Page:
On July 22, Ukraine, Turkey, and UN Secretary General Antonio Guterres signed the Initiative (Agreement) on the partial unblocking of Ukrainian ports. This is one of the most important steps for the partial recovery of the Ukrainian economy and supply chains. The purpose of this Initiative is to facilitate safe navigation for the export of […]
On July 22, Ukraine, Turkey, and UN Secretary General Antonio Guterres signed the Initiative (Agreement) on the partial unblocking of Ukrainian ports. This is one of the most important steps for the partial recovery of the Ukrainian economy and supply chains.
The purpose of this Initiative is to facilitate safe navigation for the export of grain and related food products and fertilizers, including ammonia, from the ports of Odesa, Chornomorsk and Yuzhny, often referred to as the “ports of Big Odesa”.
The starting point for launching the “safe corridor” mechanism is the establishment of the Joint Coordination Center (JCC) in Istanbul. Merchant vessels will have to be pre-registered with the SCC and will be subject to inspection by an inspection team in ports designated by the Turkish side.
It is important to note that we are talking about a “maritime humanitarian corridor that will be controlled remotely by the Parties” – that is, the presence of no warships is allowed. Likewise, this applies to demining, which will not be carried out, except in those cases where it is necessary for the passage of ships through the corridor.
This Agreement will remain valid for 120 days with further extension.
From an economic point of view, such Agreement will allow Ukraine to export approximately 20 million tons of grain and oil crops that are waiting to be shipped, free up space for storing the new harvest and attract foreign currency income. For comparison, in June it was possible to export only about 1/3 of the planned grain. At the same time, the humanitarian aspect will involve the arrival of necessary food to Africa, Asia and Europe.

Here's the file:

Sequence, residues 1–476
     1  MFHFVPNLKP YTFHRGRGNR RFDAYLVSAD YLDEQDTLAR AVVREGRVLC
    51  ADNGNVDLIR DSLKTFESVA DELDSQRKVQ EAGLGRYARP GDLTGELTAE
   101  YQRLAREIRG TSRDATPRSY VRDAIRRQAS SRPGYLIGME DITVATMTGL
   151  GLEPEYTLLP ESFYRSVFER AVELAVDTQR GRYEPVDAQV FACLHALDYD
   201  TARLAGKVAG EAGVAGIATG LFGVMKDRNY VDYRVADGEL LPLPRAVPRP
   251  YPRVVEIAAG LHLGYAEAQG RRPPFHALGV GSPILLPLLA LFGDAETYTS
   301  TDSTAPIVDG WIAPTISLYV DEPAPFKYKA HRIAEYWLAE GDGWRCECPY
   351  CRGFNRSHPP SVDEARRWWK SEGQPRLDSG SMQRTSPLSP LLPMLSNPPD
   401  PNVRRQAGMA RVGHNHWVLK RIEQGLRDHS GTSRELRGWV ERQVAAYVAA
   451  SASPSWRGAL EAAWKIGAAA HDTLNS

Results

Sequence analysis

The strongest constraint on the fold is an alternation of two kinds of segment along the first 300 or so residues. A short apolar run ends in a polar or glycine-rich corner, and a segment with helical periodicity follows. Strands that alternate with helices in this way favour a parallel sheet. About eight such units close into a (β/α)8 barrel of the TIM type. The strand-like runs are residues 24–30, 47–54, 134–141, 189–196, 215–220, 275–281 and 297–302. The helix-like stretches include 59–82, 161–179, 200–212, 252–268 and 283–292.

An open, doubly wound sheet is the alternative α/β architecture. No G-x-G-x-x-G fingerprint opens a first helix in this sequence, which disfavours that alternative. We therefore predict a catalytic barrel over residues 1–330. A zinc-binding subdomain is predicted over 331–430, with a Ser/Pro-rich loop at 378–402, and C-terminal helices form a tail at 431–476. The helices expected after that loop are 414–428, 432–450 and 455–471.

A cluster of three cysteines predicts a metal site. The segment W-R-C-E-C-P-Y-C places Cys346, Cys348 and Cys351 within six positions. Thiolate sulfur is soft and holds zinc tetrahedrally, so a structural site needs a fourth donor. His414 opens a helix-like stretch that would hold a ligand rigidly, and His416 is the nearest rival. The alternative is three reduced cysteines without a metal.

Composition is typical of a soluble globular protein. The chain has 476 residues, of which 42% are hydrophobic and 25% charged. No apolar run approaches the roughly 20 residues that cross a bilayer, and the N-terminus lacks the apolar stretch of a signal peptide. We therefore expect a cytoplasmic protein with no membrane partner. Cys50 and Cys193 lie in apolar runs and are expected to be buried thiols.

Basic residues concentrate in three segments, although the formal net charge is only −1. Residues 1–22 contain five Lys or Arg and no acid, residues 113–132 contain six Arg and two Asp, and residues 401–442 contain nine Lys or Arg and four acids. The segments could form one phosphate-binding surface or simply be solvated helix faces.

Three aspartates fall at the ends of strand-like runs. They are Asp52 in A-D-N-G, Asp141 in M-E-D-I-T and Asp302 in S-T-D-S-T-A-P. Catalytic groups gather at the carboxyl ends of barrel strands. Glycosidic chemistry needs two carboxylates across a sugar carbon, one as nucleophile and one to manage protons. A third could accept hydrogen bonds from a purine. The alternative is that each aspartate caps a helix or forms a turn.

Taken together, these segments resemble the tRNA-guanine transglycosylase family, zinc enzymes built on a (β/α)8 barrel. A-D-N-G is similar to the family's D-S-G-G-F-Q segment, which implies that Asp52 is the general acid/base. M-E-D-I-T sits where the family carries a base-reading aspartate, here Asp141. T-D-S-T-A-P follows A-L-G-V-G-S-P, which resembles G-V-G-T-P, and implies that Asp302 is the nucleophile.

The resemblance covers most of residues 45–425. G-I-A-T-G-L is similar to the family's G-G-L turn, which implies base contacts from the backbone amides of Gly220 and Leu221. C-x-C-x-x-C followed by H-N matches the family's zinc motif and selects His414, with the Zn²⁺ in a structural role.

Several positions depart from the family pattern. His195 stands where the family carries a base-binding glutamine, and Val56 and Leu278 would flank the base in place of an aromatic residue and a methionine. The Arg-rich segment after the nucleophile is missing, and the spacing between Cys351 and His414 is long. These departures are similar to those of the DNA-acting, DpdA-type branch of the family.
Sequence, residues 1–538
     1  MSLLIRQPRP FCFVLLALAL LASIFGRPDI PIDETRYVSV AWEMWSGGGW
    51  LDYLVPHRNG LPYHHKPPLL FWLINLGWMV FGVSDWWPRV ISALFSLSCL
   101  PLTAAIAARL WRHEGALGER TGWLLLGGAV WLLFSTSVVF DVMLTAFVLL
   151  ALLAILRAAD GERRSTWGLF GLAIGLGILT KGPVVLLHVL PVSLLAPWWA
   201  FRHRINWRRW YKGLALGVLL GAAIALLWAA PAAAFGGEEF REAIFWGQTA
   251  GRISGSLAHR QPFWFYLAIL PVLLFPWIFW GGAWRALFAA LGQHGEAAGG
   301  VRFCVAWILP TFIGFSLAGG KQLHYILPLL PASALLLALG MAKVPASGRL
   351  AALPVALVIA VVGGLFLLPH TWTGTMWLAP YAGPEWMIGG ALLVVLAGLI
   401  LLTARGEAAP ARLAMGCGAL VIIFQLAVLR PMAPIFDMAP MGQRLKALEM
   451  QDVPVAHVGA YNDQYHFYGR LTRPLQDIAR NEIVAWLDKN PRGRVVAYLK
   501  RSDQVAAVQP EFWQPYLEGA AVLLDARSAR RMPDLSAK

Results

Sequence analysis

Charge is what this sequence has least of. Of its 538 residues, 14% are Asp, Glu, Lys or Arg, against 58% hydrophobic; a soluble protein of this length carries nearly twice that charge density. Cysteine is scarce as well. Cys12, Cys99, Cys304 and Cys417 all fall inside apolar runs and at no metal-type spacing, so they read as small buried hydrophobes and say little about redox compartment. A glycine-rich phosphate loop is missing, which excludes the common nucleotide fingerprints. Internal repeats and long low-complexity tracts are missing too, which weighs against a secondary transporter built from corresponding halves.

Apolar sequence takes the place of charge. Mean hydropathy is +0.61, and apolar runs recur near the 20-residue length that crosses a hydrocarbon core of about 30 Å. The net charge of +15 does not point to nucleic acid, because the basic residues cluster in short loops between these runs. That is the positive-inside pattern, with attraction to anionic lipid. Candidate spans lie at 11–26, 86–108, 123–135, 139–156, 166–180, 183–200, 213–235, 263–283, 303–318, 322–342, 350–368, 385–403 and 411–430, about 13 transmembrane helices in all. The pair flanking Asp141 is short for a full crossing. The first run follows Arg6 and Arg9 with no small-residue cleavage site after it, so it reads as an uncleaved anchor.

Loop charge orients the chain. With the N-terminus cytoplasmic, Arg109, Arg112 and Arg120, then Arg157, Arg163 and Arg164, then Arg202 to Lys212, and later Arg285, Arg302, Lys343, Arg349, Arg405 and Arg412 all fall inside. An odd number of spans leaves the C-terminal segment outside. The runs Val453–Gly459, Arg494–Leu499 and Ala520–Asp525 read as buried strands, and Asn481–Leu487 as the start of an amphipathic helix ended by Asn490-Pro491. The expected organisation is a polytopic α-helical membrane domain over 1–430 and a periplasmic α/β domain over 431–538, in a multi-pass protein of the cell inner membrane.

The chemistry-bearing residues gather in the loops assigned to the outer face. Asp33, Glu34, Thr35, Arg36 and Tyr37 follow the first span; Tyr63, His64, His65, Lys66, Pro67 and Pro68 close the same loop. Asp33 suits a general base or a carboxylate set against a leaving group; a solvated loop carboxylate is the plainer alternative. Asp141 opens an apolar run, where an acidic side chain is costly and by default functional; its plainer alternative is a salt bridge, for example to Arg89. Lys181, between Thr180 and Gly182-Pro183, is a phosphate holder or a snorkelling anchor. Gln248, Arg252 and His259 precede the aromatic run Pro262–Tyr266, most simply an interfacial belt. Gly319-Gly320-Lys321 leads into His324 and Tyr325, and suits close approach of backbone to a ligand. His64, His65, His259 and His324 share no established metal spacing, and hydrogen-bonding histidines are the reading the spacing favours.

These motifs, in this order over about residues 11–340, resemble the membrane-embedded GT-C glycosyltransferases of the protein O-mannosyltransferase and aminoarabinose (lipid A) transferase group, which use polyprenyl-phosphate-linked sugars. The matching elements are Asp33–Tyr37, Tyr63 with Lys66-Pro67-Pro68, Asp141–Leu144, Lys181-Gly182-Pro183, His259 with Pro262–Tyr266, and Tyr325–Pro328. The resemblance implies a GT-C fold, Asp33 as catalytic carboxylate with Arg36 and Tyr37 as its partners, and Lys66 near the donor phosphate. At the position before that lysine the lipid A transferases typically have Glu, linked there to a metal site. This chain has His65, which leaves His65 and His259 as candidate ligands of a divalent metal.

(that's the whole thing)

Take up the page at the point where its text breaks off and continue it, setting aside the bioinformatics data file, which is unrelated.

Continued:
The next point to consider (especially for Shipowners) is the insurance policy and additional war risks, because even before signing the Agreement, the Insurers unanimously stated that they need additional guarantees in connection with potential losses that may occur. Therefore, it is now expected that the underwriters will work out the signed Agreement in detail. Today, insurance premiums are quite high, but the demand for ship calls to Ukrainian ports can overcome this factor as well.
Shipowners, whose ships have been “stuck” in Ukraine since February 24, are primarily interested in unblocking Ukrainian ports, and these are about 80 merchant ships, which will be the first to pass through the “maritime humanitarian corridor”. Other shipowners will carefully consider all the risks of entering Ukrainian ports, including the Turkish fleet, which is more determined. The decision to charter a vessel for voyages to Ukrainian ports will be influenced by the freight rate, payment of insurance premiums for war risks and potential military threats in the Black Sea.
Finally, the unblocking of Ukrainian ports, even if it is only partial, foresees both fundamentally positive changes for the state’s economy and carries potential risks, given the “good faith” of russia’s fulfillment of its obligations under the Agreement.
The Ukrainian shipping community did not even have time to analyze all the pros and cons of such an unblocking scenario, as on July 23, Russia attacked the territory of the port of Odessa with a missile strike, then launched missile strikes on the Odesa region. Despite this, the ports are actively preparing for the first caravans from the ports indicated above, all other market participants are waiting for the results of the passages and the further development of this situation.
Senior partner Black Sea Law Company